By Jamison Cocklin
Last November, Dan Earley was reading a newspaper when he stumbled across something that would set the tone of his working life for months to come.
The article highlighted an aging population across the country and some of the economic opportunities cropping up to help meet the unique demands of the nation’s elderly and retiring individuals.
“I thought, ‘Boy this is an interesting concept for a business,’” said Dan, who lives in Canfield with his wife, Stephanie, and their three young sons. “We started researching it around here, but we only saw moving companies and no actual moving coordinators in the Youngstown area.”
Two months later, Dan and Stephanie launched Earley & Sons Relocation LLC. Now, it appears the couple has the “market cornered here,” as their friends like to say, and as the winter months give up their grip, the Earleys are hoping their entrepreneurship and vast array of services pay off in the long run.
As moving coordinators, the couple helps seniors sort, pack and move their belongings to smaller apartments or assisted-living facilities. Their business model, though, encompasses a bevy of other convenient services aimed at multiple demographics.
“We didn’t want to focus on just seniors,” Stephanie said recently at their home on Shields Road. “But a family with three or four kids that just doesn’t have the time to organize their garage — they can hire us to do that.”
It’s nearly impossible to calculate what a specific move might cost, and rates vary across the industry. Earley & Sons works for an hourly rate. Before starting the work, the couple meets with the customer for a consultation and provides an estimate based on the services requested.
For example, the company recently helped move some heavy furniture, about a day’s worth of work, quoted for between $300 to $500 for everything.
In all, Earley & Sons is aimed at the elderly, businesses that might need help moving to a new office, and families. They coordinate a move from start to finish, calling in the moving company, helping to facilitate the sale of a home, auctioning off unwanted items or the belongings of the deceased, and providing handyman services, too.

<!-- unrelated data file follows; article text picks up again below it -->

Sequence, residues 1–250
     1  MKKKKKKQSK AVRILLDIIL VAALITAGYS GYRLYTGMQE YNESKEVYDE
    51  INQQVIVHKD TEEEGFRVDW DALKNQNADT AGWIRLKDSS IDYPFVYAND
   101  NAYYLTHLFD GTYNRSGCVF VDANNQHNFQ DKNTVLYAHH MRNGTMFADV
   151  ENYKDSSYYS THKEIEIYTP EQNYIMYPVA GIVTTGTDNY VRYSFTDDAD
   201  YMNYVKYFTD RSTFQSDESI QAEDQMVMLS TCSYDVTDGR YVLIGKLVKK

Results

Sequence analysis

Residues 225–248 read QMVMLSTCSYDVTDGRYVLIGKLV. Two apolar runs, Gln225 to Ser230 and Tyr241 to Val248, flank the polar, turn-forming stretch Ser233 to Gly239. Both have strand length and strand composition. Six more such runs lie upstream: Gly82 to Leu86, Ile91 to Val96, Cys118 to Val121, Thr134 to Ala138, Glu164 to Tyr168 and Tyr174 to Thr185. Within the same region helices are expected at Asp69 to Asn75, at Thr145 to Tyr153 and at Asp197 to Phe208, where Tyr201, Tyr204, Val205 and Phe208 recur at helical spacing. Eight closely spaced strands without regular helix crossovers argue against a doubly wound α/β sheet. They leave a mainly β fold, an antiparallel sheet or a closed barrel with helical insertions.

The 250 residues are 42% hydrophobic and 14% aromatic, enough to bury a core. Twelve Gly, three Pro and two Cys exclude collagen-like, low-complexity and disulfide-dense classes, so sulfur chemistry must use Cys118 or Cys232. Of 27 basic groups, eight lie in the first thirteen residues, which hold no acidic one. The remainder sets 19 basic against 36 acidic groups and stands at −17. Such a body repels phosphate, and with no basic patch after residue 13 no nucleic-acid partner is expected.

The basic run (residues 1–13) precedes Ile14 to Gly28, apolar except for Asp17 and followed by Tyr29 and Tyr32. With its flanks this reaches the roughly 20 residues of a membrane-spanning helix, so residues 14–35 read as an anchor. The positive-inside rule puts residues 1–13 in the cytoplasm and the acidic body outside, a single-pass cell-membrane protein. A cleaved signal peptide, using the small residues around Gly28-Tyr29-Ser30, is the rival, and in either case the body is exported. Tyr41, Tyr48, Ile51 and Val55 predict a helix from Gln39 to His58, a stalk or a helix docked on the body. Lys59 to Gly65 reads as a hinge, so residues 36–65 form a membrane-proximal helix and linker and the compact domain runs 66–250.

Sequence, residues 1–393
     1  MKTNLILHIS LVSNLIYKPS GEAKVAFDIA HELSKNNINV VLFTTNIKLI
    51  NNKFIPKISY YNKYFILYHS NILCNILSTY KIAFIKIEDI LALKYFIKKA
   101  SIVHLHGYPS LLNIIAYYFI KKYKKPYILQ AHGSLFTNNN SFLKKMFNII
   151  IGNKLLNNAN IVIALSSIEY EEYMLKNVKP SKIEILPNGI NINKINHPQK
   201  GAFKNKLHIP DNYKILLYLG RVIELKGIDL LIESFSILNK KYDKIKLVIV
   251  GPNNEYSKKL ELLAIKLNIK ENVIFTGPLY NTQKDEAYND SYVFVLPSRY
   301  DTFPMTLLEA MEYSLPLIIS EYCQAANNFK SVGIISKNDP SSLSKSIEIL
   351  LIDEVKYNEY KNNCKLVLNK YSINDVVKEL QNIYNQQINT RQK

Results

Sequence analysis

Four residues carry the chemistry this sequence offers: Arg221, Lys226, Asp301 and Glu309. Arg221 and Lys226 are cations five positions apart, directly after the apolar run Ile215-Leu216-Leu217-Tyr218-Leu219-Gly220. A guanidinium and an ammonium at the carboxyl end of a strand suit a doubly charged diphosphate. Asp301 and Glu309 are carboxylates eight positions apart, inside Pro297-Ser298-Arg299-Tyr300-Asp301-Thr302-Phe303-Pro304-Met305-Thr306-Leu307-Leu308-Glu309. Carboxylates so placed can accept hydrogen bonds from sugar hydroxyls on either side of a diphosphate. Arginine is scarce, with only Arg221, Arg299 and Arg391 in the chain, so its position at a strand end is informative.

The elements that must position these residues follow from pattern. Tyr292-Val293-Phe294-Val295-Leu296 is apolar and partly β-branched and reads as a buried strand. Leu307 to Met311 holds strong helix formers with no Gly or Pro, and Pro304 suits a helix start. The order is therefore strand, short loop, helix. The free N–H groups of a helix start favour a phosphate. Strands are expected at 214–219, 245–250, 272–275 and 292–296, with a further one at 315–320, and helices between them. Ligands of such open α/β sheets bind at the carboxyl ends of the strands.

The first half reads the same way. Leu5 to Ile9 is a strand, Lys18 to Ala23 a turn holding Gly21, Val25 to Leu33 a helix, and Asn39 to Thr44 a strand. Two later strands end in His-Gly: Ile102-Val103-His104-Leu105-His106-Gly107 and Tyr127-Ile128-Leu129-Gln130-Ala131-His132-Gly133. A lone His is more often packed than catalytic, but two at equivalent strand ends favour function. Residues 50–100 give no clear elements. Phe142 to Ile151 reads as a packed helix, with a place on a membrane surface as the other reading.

Their idea, it turns out, is not that far off the mark.
The U.S. population aged 65 and over will jump nearly 80 percent as the baby boomer generation continues to retire over the next decade or so. By 2030, the elderly will account for one-fifth of the country’s total population.
Fueled by growth in this population segment, the elderly and disabled-services industry, according to the market research firm IBIS World, has grown at a rate of 4.7 percent annually in the last five years. All told, the industry employs more than 900,000 people nationwide and accounts for $38 billion in annual revenue.
In Ohio, according to the U.S. Census Bureau, people aged 65 and over account for 14.3 percent of the population, which is above the national average. In Youngstown, the demographic is even higher, accounting for nearly 16 percent of the city’s population.
One service the Earleys believe will be in high demand, and one they’ve already had some success with, is called “aging-in-place.”
Seniors looking to downsize and move to a smaller apartment typically have not done so for between 30 and 50 years, making the clutter involved in a move cumbersome. For those who don’t opt to relocate, their homes are often cluttered with unused or unwanted items.
The Earleys will perform a safety walk-through and determine what to get rid of and what to keep. They can improve a home to accommodate the needs of the elderly by installing higher toilets or grab bars, for example.
They also understand how difficult it can be for children to go through the belongings of dead parents.
“We went through it with my mom. I only have one brother and he lives in Cincinnati,” Dan said. “When she passed away suddenly, that bedroom door stayed closed for a year. Eventually I had to go in there.
“We want to be an asset to the community,” Dan added. “The vision is our family helping other families. That’s what we like to say.” So far, the couple has been busy spreading the word. Networking, social media, radio and print advertisements and referrals have landed them most of their business, which they say has been steady but somewhat slow, given the energy they’ve devoted to starting their business.
Anyone interested in their services can send an email to firstname.lastname@example.org or call them at 330-501-7004.
The company offers snow removal and lawn-care services as well.